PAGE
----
The government says it started April 13 with a woman in Oaxaca. But, Blackstone reports, people in Vera Cruz claim it began almost four weeks ago in their village near a large pig farm outside Mexico City where a four-year-old boy, since recovered, may have been the first victim.

In Canada, which also borders the U.S., health officials confirmed a total of 13 cases of swine flu, which Canadian Health Minister Leona Aglukkaq said were mild and have links to Mexican travel. The Canadian government warned against unnecessary travel to Mexico.

Some countries are taking bolder measures. Argentina said it is suspending flights from Mexico as a precaution against the spread of virus and wants tens of thousands of visitors from North America to report to the Health Ministry.

Cabinet Chief Sergio Massa says the measure is in effect until Sunday at midnight to "transmit a sense of calm to Argentines."

He called Tuesday on the 60,000 visitors from Canada, Mexico and the U.S. who have arrived in Argentina in the past 20 days to contact the Health Ministry, which will take measures to control a possible spread of the virus.

The EU's disease control agency as well as Israel and France also warned against nonessential travel to Mexico, while Cuba suspended flights to and from Mexico.

In addition to countries in North America, other nations with confirmed swine flu cases include Scotland, New Zealand, Spain and Israel.

While Mr. Obama requested additional money from Congress to build drug stockpiles and monitor future cases, other U.S. officials suggested the flu may be spreading so fast that stepped-up border security may not help.

Homeland Security Secretary Janet Napolitano, interviewed on NBC, said officials "anticipate confirmed cases in more states."

She reiterated Mr. Obama's statement on Monday as he grappled with the first domestic emergency of his presidency - that the spread of the disease is a cause for concern but not alarm.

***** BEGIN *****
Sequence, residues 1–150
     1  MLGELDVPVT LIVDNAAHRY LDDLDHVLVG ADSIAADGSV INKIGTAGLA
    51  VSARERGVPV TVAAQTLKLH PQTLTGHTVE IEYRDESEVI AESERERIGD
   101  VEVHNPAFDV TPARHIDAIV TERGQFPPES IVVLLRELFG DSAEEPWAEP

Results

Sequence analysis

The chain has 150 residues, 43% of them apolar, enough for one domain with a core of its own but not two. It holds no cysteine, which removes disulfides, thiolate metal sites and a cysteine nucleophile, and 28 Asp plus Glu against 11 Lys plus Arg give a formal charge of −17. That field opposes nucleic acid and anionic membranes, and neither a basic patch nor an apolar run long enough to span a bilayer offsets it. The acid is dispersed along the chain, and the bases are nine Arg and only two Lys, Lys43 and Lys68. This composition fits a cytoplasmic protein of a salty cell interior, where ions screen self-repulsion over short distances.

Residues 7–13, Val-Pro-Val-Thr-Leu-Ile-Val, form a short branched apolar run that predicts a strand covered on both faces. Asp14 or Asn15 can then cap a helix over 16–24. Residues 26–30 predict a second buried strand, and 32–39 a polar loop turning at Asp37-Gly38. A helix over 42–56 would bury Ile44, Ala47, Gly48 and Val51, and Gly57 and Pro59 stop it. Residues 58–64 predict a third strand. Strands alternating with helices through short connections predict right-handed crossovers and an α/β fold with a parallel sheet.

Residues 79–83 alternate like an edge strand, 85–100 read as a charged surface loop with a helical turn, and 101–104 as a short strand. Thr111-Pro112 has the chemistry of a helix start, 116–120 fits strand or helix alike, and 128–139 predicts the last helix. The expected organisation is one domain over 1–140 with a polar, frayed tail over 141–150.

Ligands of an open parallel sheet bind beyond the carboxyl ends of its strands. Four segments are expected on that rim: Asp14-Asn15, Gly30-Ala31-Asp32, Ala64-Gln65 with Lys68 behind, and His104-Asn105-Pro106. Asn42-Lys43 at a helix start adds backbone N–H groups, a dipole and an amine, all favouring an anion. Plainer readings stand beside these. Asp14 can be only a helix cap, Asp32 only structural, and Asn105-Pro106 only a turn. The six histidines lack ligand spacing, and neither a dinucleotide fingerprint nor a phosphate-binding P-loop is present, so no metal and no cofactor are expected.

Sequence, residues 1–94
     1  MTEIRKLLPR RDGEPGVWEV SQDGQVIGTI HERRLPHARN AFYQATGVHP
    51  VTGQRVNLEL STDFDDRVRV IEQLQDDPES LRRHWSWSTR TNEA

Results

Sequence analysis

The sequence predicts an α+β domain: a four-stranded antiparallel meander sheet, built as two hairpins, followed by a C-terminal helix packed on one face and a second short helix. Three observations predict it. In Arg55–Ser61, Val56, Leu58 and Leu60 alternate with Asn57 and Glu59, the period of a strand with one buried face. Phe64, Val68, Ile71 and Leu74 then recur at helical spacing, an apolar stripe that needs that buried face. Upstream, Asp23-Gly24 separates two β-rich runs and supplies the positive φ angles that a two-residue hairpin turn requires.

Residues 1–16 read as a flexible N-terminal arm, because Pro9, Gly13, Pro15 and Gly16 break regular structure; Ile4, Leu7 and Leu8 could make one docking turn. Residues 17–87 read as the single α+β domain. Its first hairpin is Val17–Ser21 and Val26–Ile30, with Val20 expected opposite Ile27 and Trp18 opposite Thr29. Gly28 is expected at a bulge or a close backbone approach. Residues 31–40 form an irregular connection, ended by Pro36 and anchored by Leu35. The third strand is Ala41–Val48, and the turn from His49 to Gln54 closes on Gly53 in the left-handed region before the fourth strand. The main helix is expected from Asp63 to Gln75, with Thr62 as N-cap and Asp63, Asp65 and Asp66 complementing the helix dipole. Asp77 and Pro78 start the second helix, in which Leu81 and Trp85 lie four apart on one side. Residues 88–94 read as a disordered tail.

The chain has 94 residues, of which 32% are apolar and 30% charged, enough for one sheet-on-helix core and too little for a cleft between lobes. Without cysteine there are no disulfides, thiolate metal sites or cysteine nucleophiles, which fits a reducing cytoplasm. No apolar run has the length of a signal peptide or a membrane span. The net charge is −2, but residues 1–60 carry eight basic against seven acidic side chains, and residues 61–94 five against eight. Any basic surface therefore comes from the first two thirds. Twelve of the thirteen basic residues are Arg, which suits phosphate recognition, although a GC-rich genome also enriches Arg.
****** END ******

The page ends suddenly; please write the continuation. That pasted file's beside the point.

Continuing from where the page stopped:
Asked about stricter measures, Napolitano pointed out that the U.S. does a great deal of trade with Mexico and "that would be a very, very heavy cost for - as the epidemiologists tell us - would be marginal, if any, utility in terms of actually preventing the spread of the virus."

Fear is running high, prompting some people to stock up on masks and antiviral drugs like Tamiflu, reports CBS News medical correspondent Dr. Jon LaPook.

"Yesterday, everybody was looking to get Tamiflu," said pharmacist Martin Keane. "We had some in stock, but we haven't been able to obtain any from our wholesalers."

Experts warn that inappropriate use of Tamiflu could make it stop working, LaPook reports.

Meanwhile, U.S. scientists working on a swine flu vaccine hoped to have a key ingredient ready in early May, but were finding that the virus grows slowly in eggs - the chief way flu vaccines are made.

Even if all goes well, it still will take a few months before any shots are available for the first required safety testing, in volunteers.

"We're working together at 100 miles an hour to get material that will be useful," Dr. Jesse Goodman, who oversees the Food and Drug Administration's swine flu work, told The Associated Press.

As health officials moved to try to slow the spread of the new virus, U.S. agriculture officials suggested it would be a good idea to change its name from "swine flu" to avoid the misconception that pork products may be affected.

Agriculture Secretary Tom Vilsack points out that the virus is not food-borne and has nothing to do with consuming pork. Vilsack says he's concerned that misunderstandings could have a negative impact on farmers.

With pork prices falling, government officials went to great lengths today to point out that not a single hog in the U.S. has tested positive for the virus, reports Cordes.

"It is perfectly safe to consume pork products from America," Vilsack said.

The disease has been called swine flu because the underlying virus contains genetic material from swine; but it also contains genetic material from birds and humans, scientists say.